Gothic Beauty With the Grand Kyiv Ballet

The company’s cross-country tour of Giselle concludes at four Pacific Northwest stages. Two performances remain (in Arlington and Tacoma), through May 3.  


I could do without the first act of Giselle. There’s a lot of prancing, the story doesn’t make a whole lot of sense, and the opposing sides — complete with tossing swords around in this version — are like the age-old loaded gun on stage: don’t bring it unless you’re gonna use it. The epic choreographed duel, seemingly promised, never does come to pass. 

The second act, however, changes realms entirely, morphing to a gothic forest studded with gravestones and full of ghosts. This is where it really comes alive; ironically, in death. 

Grand Kyiv Ballet principal dancers Oleksandr Stoianov and Kateryna Kukhar in ‘Giselle’. Photo by Ksenia Orlova.

It’s the second act, too, that reminds just how difficult this dance is to pull off. The “Wilis” (ghosts) take over, crossing the full stage on nothing more than vibrating pointe, relentless and precise in their non-stop stutter steps. Impressive on their own, they’re a lovely contrast with the lead dancers: Giselle’s sweeping flourishes (on a mean pointe herself), her love interest’s grand gestures and big leaps, the interfering woodsman like a pogo stick with springing leaps and axel jumps.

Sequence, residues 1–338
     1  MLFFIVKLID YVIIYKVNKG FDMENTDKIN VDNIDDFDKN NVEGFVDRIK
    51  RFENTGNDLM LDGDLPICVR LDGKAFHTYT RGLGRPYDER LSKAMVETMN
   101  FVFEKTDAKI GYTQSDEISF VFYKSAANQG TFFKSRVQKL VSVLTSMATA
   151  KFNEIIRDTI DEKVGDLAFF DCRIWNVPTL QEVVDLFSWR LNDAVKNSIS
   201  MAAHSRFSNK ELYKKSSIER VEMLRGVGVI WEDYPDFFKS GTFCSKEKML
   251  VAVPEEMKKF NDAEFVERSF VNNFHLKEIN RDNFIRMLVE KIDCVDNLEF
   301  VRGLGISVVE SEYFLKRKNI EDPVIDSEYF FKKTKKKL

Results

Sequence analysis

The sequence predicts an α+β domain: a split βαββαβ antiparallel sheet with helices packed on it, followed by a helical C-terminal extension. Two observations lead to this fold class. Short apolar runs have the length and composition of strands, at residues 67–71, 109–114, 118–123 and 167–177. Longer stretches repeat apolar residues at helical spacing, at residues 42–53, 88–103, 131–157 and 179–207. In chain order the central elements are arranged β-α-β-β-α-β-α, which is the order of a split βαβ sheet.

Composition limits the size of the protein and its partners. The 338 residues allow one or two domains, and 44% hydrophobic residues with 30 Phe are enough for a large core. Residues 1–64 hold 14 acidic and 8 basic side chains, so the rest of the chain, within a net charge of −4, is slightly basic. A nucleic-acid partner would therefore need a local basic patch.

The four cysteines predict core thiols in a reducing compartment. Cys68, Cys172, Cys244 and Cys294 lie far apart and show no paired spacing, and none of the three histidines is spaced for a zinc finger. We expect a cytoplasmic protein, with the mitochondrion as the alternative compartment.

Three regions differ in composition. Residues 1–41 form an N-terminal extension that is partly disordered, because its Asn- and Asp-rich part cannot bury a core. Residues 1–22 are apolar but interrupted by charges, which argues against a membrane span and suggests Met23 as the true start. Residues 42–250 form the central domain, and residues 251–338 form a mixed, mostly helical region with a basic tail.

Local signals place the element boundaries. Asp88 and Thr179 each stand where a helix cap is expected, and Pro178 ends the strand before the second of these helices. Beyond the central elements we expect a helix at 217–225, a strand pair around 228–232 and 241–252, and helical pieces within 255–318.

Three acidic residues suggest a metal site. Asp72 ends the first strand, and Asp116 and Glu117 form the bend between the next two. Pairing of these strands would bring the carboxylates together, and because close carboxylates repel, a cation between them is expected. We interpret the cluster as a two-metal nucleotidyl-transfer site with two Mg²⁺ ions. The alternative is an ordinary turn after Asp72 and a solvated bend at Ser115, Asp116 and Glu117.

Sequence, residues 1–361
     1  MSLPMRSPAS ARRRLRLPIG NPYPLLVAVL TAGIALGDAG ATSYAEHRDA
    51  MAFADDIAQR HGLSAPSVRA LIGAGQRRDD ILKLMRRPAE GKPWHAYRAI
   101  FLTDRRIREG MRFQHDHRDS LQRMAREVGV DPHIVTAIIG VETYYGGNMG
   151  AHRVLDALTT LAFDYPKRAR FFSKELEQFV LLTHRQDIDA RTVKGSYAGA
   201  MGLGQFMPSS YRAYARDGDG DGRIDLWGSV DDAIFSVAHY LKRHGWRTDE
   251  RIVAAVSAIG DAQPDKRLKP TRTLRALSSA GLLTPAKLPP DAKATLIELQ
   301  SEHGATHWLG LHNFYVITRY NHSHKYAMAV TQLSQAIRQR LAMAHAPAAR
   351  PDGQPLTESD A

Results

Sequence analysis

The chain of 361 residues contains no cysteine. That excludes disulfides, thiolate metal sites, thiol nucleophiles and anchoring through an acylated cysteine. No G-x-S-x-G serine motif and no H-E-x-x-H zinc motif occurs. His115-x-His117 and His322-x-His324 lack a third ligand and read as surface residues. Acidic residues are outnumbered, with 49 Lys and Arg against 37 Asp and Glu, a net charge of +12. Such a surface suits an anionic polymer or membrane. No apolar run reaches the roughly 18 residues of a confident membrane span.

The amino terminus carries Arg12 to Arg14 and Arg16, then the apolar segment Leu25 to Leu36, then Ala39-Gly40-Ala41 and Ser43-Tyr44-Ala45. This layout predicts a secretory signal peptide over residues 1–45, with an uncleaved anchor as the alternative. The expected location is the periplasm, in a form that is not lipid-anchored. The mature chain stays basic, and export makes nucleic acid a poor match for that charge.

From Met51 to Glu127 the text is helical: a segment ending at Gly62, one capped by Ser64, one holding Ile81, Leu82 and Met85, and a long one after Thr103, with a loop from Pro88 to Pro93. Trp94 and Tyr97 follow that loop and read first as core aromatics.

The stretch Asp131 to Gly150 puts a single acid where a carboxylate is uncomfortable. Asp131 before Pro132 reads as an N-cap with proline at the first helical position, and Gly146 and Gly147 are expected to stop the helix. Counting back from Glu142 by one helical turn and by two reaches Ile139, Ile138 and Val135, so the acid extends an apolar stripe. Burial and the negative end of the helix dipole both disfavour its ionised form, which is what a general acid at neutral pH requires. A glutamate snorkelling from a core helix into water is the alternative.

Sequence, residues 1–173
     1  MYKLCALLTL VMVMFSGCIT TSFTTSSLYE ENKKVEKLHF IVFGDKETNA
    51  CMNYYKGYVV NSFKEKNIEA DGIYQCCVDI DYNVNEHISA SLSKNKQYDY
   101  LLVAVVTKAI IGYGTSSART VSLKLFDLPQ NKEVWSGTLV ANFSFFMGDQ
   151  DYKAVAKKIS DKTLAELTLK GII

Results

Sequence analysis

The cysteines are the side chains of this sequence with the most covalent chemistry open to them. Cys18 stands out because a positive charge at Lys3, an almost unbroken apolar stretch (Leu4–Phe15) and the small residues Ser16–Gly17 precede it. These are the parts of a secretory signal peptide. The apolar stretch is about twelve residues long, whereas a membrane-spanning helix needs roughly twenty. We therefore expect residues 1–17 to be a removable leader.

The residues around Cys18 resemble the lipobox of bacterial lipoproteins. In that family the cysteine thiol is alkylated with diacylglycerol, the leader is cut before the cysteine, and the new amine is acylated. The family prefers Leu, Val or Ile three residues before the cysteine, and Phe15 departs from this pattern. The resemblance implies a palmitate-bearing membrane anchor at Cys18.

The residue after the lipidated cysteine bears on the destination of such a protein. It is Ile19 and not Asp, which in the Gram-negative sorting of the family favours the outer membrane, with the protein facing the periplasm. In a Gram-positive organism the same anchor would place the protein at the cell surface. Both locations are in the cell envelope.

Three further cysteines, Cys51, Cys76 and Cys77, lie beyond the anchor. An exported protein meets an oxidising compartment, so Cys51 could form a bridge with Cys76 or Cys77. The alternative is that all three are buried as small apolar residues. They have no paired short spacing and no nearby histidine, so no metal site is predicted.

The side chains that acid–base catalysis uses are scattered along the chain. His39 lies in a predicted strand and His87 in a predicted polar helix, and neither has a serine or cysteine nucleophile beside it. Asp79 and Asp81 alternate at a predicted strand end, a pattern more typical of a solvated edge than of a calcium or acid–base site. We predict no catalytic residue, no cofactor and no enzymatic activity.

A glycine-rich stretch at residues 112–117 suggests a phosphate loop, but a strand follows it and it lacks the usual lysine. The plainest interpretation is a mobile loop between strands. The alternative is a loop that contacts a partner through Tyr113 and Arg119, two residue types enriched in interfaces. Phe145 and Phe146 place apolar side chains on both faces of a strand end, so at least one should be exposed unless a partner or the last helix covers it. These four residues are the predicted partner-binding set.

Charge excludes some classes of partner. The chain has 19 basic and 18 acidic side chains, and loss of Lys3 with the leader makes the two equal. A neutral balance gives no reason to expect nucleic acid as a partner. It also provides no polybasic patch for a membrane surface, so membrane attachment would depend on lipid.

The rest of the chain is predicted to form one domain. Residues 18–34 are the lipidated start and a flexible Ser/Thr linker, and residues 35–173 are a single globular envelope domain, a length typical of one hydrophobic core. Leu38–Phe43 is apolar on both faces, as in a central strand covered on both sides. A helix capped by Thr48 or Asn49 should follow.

A ballet with much of the action in death sounds dark, but against this backdrop they radiate light. 

It’s a fitting performance for a resilient group and its leading duo, principal dancers Kateryna Kukhar and Oleksandr Stoianov, forced to flee Ukraine with their family during the war. Based now in the Seattle area, they’re closing out their first U.S. cross-country tour, a whirlwind of performance dates, and lighting up the stages here with four local performances. You can see them still in Arlington (tonight) and Tacoma (tomorrow).

The sold-out Edmonds Performing Arts Center crowd’s enthusiastic reception signaled they got what they came for at the April 30 performance. Here’s hoping the dancers felt that same light reflected back.


‘Giselle’ choreography by Marius Petipa, Jules Perrot, Jean Coralli; music by Adolf Adan; libretto by Théophile Gautier, Jules-Henri Vernoy de Saint-Georges, and Jean Coralli, based on the legend of Heinrich Heine.  

The Grand Kyiv Ballet’s Giselle (touring) performs on 5/2 at the Byrnes Performing Arts Center in Arlington, and on 5/3 at Pantages Theater in Tacoma. Tickets here

Run time: 1 hour 55 minutes, with intermission. 

Chase D. Anderson is Editor & Producer of